How To Grow Herbs

Herbs are a great addition to your home garden. They can be grown around the perimeter of your other plants or in pots, indoors or out. They’ll spice up your kitchen and are surprisingly easy to grow. Growing conditions and care will vary slightly from herb to herb, so it’s always best to follow specific instructions on your seed packet, but here are some basic guidelines on how to grow herbs to get you started.

HERB VARIETIES
Parsley, sage, rosemary, mint, oregano, thyme, chives, bay tree and lemongrass are just a few examples of easy-to-grow herbs. Some are easier to grow than others and light, watering and fertilizer may vary from herb to herb. Some herbs are perennials, like chives, thyme, mint and fennel. You plant them once and enjoy them all season long. Annuals, like dill, basil, coriander and chervil bloom for only one season and must be planted again and again. Basil, cilantro and sage are among the more difficult herbs to grow. Lemongrass is grown in water, not soil, similarly to bamboo.

WHEN TO GROW
Herbs can be grown anytime if you are growing indoors. Just be sure they get plenty of light, warmth and water. If you are growing outside, depending on your region, your growing may be limited to the warmer growing months of spring to fall. Most seedlings can be transplanted outdoors after the danger of frost has passed, though some herbs, like dill and chervil, are difficult to transplant.

WHERE TO GROW
Most herbs need lots of full sunlight, 6 to 10 hours per day, in order to thrive. However, some varieties will need to be planted in partial or full shade. Check the instructions on your seed packet. For indoor growing, place your herbs in a window that gets lots of light or supplement with growing lights. For outside, try planting them around your other plants, along the perimeter of your garden bed.

SOIL
Soilless potting mix is best for growing herbs indoors. For outdoors, they do well in just about any soil type, either alongside your other garden vegetables or in individual containers or beds. Herbs like rich soil, like most any other plants. Enrich your soil with compost before planting.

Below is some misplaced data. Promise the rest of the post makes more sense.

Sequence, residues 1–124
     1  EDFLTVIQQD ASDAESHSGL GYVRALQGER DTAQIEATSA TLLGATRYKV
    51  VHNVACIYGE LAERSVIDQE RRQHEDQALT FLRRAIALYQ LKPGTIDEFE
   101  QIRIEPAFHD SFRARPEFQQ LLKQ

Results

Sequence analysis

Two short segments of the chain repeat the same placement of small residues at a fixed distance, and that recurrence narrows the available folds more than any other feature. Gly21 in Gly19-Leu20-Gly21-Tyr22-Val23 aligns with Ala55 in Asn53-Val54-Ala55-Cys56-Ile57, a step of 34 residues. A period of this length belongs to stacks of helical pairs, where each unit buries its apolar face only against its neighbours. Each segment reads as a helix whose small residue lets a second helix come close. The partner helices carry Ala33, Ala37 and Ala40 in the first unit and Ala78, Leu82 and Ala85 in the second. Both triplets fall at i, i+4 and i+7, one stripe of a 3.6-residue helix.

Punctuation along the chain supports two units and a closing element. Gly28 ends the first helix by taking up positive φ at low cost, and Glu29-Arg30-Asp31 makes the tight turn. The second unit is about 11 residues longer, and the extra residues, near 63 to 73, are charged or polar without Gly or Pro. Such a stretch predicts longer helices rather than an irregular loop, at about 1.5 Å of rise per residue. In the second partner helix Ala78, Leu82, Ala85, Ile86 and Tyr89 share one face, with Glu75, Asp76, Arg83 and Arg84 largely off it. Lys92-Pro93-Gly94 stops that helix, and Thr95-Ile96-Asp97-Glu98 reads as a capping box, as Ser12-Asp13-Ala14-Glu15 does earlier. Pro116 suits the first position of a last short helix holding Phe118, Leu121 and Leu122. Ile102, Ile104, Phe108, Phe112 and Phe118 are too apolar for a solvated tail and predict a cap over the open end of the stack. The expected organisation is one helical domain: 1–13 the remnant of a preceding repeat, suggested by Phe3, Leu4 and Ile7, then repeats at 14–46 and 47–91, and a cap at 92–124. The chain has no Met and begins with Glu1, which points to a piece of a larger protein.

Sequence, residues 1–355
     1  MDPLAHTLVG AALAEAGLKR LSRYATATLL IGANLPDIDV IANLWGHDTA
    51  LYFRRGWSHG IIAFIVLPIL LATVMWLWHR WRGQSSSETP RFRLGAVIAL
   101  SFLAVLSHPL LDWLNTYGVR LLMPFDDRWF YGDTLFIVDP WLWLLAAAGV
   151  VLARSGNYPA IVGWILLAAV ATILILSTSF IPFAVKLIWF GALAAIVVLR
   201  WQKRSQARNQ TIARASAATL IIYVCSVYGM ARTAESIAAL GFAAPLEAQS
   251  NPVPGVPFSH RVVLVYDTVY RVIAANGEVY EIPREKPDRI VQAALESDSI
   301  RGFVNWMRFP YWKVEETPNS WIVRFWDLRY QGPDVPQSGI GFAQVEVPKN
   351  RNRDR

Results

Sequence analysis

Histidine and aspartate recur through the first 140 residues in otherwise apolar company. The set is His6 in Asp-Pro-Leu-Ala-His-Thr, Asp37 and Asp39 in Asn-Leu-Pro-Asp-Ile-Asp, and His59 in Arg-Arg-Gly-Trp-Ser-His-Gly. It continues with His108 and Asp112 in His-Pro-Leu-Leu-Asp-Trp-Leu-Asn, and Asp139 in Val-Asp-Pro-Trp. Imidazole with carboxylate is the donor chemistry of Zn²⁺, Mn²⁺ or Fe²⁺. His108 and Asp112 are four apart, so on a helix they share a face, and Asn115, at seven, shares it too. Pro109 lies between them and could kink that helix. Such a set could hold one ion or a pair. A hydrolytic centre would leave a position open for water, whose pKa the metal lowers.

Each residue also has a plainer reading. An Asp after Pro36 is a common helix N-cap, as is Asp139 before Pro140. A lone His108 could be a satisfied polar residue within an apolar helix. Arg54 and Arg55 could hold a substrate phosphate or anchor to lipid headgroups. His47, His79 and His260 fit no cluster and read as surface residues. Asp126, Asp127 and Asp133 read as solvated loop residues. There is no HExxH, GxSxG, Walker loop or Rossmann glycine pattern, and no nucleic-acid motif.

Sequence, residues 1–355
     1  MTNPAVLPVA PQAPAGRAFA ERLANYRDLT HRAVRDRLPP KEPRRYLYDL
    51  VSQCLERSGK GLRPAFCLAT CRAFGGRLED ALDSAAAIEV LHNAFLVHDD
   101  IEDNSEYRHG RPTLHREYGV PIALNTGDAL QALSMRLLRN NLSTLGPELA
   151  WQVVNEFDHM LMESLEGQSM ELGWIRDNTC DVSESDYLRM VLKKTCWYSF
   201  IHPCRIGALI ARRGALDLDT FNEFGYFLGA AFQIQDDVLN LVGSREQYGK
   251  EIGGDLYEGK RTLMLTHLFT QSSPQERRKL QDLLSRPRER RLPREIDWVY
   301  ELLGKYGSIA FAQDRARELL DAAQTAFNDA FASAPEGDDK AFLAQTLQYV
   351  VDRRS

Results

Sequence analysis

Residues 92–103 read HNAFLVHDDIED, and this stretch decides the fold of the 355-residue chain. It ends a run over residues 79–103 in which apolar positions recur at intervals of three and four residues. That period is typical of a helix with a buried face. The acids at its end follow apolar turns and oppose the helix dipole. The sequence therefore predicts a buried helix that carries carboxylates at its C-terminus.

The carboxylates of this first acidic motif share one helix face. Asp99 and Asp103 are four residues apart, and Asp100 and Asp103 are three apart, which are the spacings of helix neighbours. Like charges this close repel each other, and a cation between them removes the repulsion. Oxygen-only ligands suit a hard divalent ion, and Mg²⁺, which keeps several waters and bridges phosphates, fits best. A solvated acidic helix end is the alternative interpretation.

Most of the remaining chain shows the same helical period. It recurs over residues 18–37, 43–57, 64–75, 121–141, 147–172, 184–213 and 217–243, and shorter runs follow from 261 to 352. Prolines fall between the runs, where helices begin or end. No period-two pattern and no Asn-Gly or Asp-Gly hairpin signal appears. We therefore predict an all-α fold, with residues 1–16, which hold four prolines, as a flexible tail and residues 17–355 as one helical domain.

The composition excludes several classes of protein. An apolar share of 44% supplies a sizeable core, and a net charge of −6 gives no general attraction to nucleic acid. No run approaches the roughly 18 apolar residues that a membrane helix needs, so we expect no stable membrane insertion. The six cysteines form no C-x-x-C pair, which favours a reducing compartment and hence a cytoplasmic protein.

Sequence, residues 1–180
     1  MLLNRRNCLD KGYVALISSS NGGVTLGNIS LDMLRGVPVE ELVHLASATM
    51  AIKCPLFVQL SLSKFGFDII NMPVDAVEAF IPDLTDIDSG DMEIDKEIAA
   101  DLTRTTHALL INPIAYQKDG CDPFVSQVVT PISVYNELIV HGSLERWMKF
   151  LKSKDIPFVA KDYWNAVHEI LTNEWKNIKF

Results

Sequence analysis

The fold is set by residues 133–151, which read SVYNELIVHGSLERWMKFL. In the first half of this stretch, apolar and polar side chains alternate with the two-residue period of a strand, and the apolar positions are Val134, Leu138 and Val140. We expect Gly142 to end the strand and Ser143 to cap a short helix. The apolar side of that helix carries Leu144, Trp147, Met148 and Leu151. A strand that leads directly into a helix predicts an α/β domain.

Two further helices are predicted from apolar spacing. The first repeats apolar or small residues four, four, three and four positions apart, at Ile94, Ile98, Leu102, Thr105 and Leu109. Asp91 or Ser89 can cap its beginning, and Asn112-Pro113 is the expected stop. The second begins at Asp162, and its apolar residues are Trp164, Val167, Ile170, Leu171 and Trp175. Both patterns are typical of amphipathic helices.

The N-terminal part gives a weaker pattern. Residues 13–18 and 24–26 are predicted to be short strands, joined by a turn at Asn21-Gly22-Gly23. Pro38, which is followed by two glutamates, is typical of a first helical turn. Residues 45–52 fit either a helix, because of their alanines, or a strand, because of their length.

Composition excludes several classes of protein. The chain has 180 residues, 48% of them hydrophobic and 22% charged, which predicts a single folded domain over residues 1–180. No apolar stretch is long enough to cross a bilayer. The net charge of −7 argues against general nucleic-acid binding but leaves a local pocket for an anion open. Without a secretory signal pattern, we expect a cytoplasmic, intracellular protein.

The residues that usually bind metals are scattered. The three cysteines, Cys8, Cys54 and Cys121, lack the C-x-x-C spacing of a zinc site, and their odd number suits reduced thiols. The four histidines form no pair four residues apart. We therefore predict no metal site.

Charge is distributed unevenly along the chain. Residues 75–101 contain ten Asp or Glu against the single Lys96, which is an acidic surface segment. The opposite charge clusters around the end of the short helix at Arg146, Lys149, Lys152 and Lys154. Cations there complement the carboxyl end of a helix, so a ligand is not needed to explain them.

GROWING HERBS FROM SEEDLINGS
Herbs are best grown from already established seedlings. They will be ready for more immediate use and much more likely to thrive. If growing in a pot, use a container with at least 6” of soil depth that is about 12″ wide.

GROWING HERBS FROM SEEDS
Herb seeds can be sown in small containers and then transferred into a larger pot later. Use moist, lite potting mix. Sprinkle seeds on the top of the soil and cover lightly with a dusting of potting mix. Transfer to larger growing pot once they are about 3 inches tall. Depending on the variety of herb, it may be several months before they are ready for harvest.

WATERING
Water sparingly. Some herbs require more moisture than others but most don’t need much to thrive and should not be sitting in soggy soil. More sensitive herbs need more regular watering. Water herbs in the morning so they have all day to dry out.

FERTILIZING
Most herbs will benefit from a monthly feeding. Use a fertilizer labeled for edibles.

HARVESTING
If you’re growing from herb seedlings, give them some time to develop. Begin harvesting as needed once new growths are flourishing. Most herbs grown from seeds will take several months to mature. Look for mature dates on the seed packet. Clip off 2 to 3 inches from the tops of herbs or the outside branches to encourage new growth. Avoid harvesting from the bottom of the plants. Best not to harvest more than 1/3 of you herb plant at a time.

TIPS & ADVICE
Prune or harvest regularly. Herbs flourish best when constantly producing fresh leaves.

Do not water like regular houseplants. When growing herbs indoors, its easy to put them in the same routine as plants that do well with only a weekly watering. Most herbs need more regular attention.

Have tips on how to grow herbs? Let us know in the comments section below.

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